The very mild winter has brought spring forward by several weeks so we can now enjoy those early flowers normally blooming in late March. My established drifts of crocus started to flower in mid February. They are very hardy and a covering of snow will not harm them, but a severe frost or cold gale will do them no favours. North east Scotland seems to have missed most of the very wet weather affecting the south and west of UK, so our crocus just need a wee bit more sun to open up the flowers and let us know that spring is just about here.
Crocus species grow in many different countries all over the world and now cultivated varieties have been bred to provide us with very colourful displays in spring for our gardens.
Local authorities have also recognised the benefits of enhancing the beauty of the environment by mass planting crocus in drifts where ever space allows in verges, roundabouts and parks.
When I worked in the Darlington Parks Department, many years ago, the council had established a “Crocus Walk” in a deciduous belt of trees along the main road into the town. Residents were very proud of this attractive feature and in autumn several offered funds to extend the crocus displays further into the town. The council matched this funding and over the next few years our Ring road grassed reservations received masses of crocus bulbs to brighten up the town in spring.
After flowering it is necessary to leave the foliage alone so it can build up the corm to a good flowering size for the following year. Usually a period of six to seven weeks is ample before the leaves can be removed. However in gardens where crocus is in border soil leave the foliage till they begin to go yellow.
The show begins with the crocus species flowering about two weeks ahead of the large flowering hybrids. Cream Beauty and Blue Pearl really go well together, and enhanced with the pristine white Snow Bunting. Add some stronger colours to add character such as Ruby Giant and Whitewell Purple.
However it is the larger flowered Dutch hybrids that really add impact to spring displays. Although there are many varieties the most popular come down to a handful that are hard to beat.
Yellow Mammoth must be the biggest and brightest yellow, Joan of Arc the cleanest white, Flower Record a strong purple and Pickwick has always been my favourite striped crocus.
Some species flower in autumn such as Crocus pulchelus, Crocus zonatus and there is several varieties of Crocus speciosus in blue and violet colours. These all flower in late summer to autumn before the leaves appear. They are all very hardy and leaves emerging in autumn will be fine over winter. Do not cut or remove the leaves until they die down in late spring.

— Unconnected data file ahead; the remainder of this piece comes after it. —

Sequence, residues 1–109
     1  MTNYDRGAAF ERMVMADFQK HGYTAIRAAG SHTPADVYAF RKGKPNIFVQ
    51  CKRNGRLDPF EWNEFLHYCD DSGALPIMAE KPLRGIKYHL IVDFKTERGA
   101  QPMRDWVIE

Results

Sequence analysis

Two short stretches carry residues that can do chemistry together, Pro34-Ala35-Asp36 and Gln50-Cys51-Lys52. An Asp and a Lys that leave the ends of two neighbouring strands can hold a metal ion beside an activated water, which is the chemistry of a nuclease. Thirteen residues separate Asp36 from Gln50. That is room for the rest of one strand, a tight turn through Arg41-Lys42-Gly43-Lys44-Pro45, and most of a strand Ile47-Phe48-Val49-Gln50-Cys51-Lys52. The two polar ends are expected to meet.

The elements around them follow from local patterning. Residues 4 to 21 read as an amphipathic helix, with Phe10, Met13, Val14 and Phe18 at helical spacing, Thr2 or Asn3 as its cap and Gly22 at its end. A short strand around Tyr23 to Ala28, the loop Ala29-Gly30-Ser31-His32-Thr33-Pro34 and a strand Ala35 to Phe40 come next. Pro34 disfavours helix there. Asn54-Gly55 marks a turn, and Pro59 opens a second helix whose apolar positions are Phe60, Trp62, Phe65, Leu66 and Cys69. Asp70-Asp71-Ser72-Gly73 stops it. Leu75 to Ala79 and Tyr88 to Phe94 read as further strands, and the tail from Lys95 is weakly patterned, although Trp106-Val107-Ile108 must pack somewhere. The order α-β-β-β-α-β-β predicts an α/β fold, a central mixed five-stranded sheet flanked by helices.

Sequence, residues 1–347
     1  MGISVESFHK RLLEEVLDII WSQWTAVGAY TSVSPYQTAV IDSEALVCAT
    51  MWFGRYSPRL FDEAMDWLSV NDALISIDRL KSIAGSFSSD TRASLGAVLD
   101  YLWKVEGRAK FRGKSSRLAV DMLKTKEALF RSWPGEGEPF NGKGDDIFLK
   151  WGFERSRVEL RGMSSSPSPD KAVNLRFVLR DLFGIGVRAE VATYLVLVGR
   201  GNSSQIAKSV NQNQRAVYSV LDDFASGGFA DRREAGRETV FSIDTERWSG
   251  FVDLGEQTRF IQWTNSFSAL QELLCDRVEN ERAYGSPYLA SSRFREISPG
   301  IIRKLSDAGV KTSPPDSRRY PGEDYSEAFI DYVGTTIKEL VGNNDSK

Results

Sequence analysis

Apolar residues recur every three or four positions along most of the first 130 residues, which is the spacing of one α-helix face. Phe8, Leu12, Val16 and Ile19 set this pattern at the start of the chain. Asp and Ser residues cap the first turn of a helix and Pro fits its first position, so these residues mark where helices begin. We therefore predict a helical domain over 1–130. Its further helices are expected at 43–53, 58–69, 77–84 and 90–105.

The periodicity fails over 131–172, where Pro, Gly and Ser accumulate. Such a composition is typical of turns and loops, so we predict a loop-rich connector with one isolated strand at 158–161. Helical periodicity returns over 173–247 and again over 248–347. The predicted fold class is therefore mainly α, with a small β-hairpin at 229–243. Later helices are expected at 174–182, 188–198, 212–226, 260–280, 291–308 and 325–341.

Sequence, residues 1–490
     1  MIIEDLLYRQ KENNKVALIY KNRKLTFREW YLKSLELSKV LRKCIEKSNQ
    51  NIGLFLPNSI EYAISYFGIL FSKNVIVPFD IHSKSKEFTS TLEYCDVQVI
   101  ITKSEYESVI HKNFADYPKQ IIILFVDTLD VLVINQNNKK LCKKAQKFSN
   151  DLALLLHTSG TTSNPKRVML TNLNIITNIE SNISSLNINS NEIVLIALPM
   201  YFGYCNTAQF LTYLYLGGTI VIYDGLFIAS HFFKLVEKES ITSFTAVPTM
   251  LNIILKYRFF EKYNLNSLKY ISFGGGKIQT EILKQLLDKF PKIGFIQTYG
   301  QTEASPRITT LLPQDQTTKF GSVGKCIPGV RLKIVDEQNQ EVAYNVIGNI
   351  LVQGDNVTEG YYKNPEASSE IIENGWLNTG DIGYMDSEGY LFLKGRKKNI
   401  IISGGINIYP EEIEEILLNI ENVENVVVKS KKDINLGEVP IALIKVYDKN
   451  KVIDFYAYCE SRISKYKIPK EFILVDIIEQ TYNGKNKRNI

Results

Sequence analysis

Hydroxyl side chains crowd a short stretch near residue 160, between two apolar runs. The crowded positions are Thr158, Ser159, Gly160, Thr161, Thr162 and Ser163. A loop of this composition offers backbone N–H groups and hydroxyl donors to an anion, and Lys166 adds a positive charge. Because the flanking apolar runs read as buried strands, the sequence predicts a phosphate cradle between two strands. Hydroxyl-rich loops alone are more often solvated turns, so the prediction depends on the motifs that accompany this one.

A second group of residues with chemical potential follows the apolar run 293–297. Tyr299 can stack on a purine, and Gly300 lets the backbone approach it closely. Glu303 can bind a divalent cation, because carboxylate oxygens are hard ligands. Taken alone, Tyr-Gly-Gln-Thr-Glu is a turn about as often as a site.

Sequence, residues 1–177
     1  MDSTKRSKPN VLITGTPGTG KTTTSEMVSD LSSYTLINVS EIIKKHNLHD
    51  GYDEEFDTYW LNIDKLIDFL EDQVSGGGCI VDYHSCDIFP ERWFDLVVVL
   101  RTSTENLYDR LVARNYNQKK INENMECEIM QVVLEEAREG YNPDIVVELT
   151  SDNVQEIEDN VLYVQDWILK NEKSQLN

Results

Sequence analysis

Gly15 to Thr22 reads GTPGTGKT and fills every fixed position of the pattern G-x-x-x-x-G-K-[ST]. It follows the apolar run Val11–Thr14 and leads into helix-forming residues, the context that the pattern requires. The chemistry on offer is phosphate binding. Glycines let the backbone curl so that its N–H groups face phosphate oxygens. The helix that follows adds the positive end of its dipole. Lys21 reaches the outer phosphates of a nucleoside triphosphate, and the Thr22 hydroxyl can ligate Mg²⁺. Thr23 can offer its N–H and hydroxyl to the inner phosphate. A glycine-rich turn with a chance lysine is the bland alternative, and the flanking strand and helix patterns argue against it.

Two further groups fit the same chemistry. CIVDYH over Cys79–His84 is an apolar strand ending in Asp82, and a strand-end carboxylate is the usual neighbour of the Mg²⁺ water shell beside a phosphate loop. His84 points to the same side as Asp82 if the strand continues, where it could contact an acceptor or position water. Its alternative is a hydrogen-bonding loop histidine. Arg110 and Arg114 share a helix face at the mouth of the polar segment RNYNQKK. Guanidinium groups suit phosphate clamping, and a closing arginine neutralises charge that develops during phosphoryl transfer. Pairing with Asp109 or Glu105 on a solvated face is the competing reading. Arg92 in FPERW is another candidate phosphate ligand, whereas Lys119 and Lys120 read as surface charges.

They can be planted in drifts in borders or the lawn in good well drained soil and prefer full sun, though some dappled shade will still be fine. Planting can be done by splitting up overcrowding clumps immediately after flowering, or plant fresh new bulbs in summer.
The saffron, crocus sativus also flowers in autumn and has been in cultivation for centuries. However it was not grown for its flower displays but for the world’s most expensive spice, saffron.
Each flower produces three long red coloured stigmas which are removed and dried to make saffron. It is a very slow process as you need a lot of flowers, which usually only last about two weeks to gain any useful quantity of product. Most of the world’s saffron is produced in Iran which has the best climate and soils for its production.
Plant of the week
Cordyline australis is a half hardy palm tree from New Zealand. It is often started off as a young plant used to give height to a summer bedding flower display. It will establish and grow fairly easily, but it is best to lift up and replant in a large pot to overwinter in a frost free greenhouse. In its second or third year it can be left outdoors where it can grow and survive if in a sheltered spot. If the next few winters are mild it will survive and eventually grow to ten to twenty feet before it flowers. These are not desperately attractive so probably best removed as they can weaken the tree.
However every so often we get a hard winter which will kill the top right back to ground level, but do not dig it out as the roots usually survive to throw up new shoots within the next couple of years. My twelve years old cordyline reached ten foot tall but then died back in a severe winter. It survived to produce a cluster of five shoots which are now six foot tall. As this winter has been very mild it should live another year or more with the promise of global warming.